Professor Sara Mana of the geological sciences department at Salem State University has published an article in Lithos, titled, “High-pressure serpentinization and abiotic methane formation in metaperidotite from the Appalachian subduction, northern Vermont.”
For Mana, the research began as a side project, with her colleague and long-time friend, Dr. Alberto Vitale Brovarone. The two traveled to the Belvidere Mountain range in Vermont in 2018 working in an abandoned asbestos mine. “It was daunting. I’ve never seen so much asbestos in my life,” Mana said.
The state of the mine made the project difficult, as the researchers had to have airways protection while gathering samples and data. Still, the research produced surprising and interesting results.
The pair found high-pressure serpentinization (the metamorphic processes of rocks changing due to heat/pressure, which causes the minerals to become unstable and new rocks to form as the minerals that make them up change) at the subduction site. The article explains how serpentinization can produce minerals such as serpentine, brucite and magnetite, and is commonly accompanied by iron oxidation and the release of water, which can be “involved in abiotic reaction pathways leading to the genesis of abiotic light hydrocarbons such as methane.” This process usually takes place at the sea floor.
However, what makes this discovery interesting is that this is “the first time that methane has been connected to or found in subduction.” This offers a lot of potential for future studies especially in helping researchers understand the carbon cycle better, particularly how it relates to long term natural pathways to store carbon and its implications to climate change.
Mana says Dr. Brovarone worked with PhD student Antione Boutier on analyzing the data results and writing up the article, however, she feels that they have only really begun to scratch the surface. Mana hopes to return to the mine with Brovarone in the next year or so to continue their research, but due to Covid, the field component of this project has had to be put on hold.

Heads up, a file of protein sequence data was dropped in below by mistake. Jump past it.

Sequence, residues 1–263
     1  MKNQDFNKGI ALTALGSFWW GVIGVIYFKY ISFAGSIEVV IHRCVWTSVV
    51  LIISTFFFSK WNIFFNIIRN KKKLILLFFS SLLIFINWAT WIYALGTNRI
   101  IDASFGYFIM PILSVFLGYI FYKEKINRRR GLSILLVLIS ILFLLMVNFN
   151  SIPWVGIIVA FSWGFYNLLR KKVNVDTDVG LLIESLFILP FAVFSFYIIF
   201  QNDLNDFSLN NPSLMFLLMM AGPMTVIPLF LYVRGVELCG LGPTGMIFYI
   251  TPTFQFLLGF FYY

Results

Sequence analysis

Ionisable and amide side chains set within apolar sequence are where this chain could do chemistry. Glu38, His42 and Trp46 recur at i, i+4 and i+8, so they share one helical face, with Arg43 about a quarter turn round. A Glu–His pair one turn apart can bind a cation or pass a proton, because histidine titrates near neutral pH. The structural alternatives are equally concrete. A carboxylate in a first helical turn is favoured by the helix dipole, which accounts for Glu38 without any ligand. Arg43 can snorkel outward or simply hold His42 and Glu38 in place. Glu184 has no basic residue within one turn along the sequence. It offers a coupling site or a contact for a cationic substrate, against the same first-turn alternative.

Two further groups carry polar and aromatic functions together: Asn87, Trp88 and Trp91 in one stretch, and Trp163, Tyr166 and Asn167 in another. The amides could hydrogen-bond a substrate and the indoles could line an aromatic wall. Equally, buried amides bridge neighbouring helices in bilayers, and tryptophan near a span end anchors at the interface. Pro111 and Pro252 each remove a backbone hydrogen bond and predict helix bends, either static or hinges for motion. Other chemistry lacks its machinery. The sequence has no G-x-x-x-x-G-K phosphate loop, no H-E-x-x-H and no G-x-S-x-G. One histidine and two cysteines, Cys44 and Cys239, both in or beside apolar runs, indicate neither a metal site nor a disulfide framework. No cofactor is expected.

Still, this is not the only project taking Mana’s attention. Her main research focuses on active continental rifting and particularly the East African Rift. She is currently the Principal Investigator of a project called “East African Rift Tephra Database [EARThD],” which seeks to compile a comprehensive tephra database by documenting explosive volcanism in East Africa making the data discoverable and easily accessible by all.
Mana is working on the project in collaboration with Professor Erin DiMaggio from Penn State University. The pair received a coveted National Science Foundation (NSF) award for their project, and Mana says, “to date, I have been able to hire and train six SSU undergraduate students as part of this project”. Recently, Professor Mana was granted an extension and funding supplement by NSF to continue this endeavor, which serves as proof of the value and good progress of the work that has been accomplished over the past three years.
Another collaboration, and the biggest one Mana is currently a part of, is the “Turkana Miocene Project”: a National Science Foundation EAR FRES-Frontier Research in Earth Sciences interdisciplinary project. The project received a $2,671,455 grant to conduct research related to “the influence of climate and tectonics on Miocene ecosystems and faunal evolution in the East African Rift, Kenya.”
Mana's involvement in this project is to work as an external collaborator, looking at the age and geochemical characterization of Miocene volcanics. The project will fund Mana to travel to Kenya for two consecutive summers, and there will be opportunities for student research involvement.
The venture is a collaborative research project involving (in alphabetical order): Appalachian State University; Case Western Reserve University; Hamilton College; Lamont Doherty Earth Observatory of Columbia University; Mercer University; National Museums of Kenya; NASA; Potsdam Institute for Climate Impact Research; Rutgers University; Salem State University; Stony Brook University; SUNY Potsdam; University of Arkansas; University of Helsinki; University of Michigan; and Wake Forest University.
With such a busy schedule and teaching responsibilities on top of everything else, Mana says the summer is the time when she does the most of her research, and she is taking advantage of the few weeks left before the semester starts.
Congratulations Professor Mana on all your accomplishments!
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